find a peak, but you are not guaranteed that it is the highest in
the entire mountain range. Genetic search procedures are global:
since you start with a population of guesses, the likelihood of
finding the highest peak also depends on the size and variety of the
population. The basic idea is that when two potential answers are
mated in a probabilistic way, the best properties of both
parents are preserved in the population. In the terminology of
genetic algorithms, vector x is a chromosome and the components of x
are genes. The height of the mountains is described by a fitness
function: the optimal answer M corresponds to the fittest
survivor of all the possible values of x. At every generation,
the fittest answers are mated: the crossover operations combines
different genes of both solutions into a new solution, and the
mutation operations introduce a random element on genes.
Hill-climbing becomes survival of the fittest.
What Is GenSheet?GenSheet implements genetic algorithms as
C programs dynamically linked to Microsoft Excel spreadsheets. In
GenSheet, a gene is a spreadsheet cell, a chromosome (vector x) is
range of spreadsheet cells, and a population is a rectangular region
of spreadsheet cells (an array of chromosomes). GenSheet runs under
all implementations of Microsoft Excel (version 4.0 or higher),
including Windows, Macintosh, and Sun under Solaris. GenSheet macros
interface with all Excel spreadsheet commands for charting, for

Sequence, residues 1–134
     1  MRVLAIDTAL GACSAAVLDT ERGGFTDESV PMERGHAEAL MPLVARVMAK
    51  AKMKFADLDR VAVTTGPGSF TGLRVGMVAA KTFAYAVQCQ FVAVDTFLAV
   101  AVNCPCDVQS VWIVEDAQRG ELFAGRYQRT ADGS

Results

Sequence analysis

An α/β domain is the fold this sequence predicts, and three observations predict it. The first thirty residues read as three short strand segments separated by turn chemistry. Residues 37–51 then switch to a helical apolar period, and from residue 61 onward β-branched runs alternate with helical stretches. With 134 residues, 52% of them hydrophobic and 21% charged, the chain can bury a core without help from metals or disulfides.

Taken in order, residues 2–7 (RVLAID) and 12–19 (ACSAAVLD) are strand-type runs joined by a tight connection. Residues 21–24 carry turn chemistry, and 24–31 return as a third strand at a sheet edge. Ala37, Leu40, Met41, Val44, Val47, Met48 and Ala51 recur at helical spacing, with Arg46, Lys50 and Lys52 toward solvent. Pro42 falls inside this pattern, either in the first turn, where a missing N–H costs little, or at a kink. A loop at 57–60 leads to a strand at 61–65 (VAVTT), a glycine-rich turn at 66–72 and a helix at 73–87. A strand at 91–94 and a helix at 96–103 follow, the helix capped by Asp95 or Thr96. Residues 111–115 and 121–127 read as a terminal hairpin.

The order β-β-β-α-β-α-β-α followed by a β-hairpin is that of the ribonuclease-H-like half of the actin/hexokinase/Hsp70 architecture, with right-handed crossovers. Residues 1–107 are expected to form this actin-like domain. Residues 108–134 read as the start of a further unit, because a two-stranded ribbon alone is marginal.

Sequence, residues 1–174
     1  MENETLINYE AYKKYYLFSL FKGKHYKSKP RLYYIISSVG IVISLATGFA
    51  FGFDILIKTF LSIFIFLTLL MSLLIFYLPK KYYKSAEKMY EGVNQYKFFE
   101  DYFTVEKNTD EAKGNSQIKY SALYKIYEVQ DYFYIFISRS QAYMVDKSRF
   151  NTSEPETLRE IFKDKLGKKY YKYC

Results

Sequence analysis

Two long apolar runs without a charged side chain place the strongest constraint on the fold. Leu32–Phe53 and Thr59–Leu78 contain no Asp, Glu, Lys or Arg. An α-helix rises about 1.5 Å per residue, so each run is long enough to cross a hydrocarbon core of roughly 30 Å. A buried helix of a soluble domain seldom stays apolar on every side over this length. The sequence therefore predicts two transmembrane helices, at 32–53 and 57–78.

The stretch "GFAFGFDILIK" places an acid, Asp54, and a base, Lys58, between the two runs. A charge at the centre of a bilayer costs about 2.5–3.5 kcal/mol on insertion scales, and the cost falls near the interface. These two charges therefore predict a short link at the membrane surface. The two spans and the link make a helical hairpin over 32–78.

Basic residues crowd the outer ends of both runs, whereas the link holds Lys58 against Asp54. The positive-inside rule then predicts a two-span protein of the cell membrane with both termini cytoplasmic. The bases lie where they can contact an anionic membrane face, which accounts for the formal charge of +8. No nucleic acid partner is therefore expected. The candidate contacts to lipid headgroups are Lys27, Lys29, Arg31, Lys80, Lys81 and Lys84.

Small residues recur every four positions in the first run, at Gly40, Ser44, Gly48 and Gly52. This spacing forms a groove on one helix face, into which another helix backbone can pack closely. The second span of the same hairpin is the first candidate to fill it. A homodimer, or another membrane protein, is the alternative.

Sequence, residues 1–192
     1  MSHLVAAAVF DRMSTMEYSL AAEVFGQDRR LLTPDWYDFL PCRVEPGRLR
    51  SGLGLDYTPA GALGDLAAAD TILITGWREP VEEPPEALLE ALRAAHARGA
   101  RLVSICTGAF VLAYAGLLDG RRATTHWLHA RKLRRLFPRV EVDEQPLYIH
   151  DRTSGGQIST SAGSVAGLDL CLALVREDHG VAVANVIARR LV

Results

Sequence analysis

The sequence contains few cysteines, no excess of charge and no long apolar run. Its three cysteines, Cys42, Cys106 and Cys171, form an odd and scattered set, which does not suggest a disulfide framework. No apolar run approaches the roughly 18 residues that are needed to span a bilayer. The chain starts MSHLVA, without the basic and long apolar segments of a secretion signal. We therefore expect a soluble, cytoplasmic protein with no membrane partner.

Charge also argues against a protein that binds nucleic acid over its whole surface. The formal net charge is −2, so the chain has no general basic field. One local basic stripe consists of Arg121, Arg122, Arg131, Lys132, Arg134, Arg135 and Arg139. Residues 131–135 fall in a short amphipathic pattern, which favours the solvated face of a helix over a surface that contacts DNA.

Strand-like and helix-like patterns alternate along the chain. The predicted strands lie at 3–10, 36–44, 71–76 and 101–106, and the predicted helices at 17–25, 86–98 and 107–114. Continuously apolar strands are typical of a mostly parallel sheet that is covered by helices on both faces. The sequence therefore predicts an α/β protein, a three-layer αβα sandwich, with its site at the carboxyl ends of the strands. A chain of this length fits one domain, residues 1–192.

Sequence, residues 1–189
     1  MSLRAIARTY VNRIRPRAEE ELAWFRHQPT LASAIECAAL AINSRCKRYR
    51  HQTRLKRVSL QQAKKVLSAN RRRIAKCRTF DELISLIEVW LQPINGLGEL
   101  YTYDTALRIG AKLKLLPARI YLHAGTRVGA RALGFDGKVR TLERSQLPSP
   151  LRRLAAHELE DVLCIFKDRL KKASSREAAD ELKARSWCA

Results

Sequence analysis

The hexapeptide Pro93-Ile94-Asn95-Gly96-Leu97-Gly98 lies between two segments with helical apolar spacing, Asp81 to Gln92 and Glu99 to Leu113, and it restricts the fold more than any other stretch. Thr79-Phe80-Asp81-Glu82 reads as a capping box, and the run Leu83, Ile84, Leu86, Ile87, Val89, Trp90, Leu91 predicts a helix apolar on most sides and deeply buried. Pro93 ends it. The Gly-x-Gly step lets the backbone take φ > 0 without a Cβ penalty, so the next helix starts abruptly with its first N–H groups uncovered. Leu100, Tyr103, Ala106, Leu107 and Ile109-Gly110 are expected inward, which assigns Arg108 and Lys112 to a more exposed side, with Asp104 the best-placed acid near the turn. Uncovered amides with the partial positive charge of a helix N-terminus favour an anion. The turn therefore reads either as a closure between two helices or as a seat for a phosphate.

spreadsheet formatting and for reporting and printing.
What Kinds of Genetic Operations are Supported by GenSheet?
GenSheet supports a comprehensive set of genetic
representations, operations, and utilities, all packaged in an
easy-to-use system based on Excel Menus and dialogs:
- Numerical Representations
Binary, Integer, Real,
- Genetic Operations
Uniform, Partially Matched
Crossovers, Average, Coarse, Fine Crossovers, Ordinal/Positional
How do you use GenSheet to Solve a Problem?If you are
familiar with using a spreadsheet, then you will very quickly
recognize GenSheet's ability to solve your most difficult
optimization problems efficiently. Three steps to solving a
problem with a genetic algorithm process:
- Represent the problem in terms of maximizing a Fitness
Create a fitness function based any
spreadsheet formulas. Function arguments can be either bits,
integers, real numbers, or integer orderings (permutations).
The representation you select for the fitness function
specifies the type of genetic algorithm. Define bounds for
each argument. Incorporate complex constraints in the
fitness function. If you are using one of the predefined
GenSheet applications, the fitness function is already
specified for you.
- Set the Parameters for the Genetic Algorithm on the
Set the parameters in the Parameter Region
on the spreadsheet. All GenSheet algorithms and applications
have defaults for all parameters displayed in a Parameter
If you have designed your own fitness
function, set the number of generations to the number of
iterations in the Excel Calculation... menu. If you are
using a predefined GenSheet application, set the generations
to the #Runs parameter in the spreadsheet Parameter Region.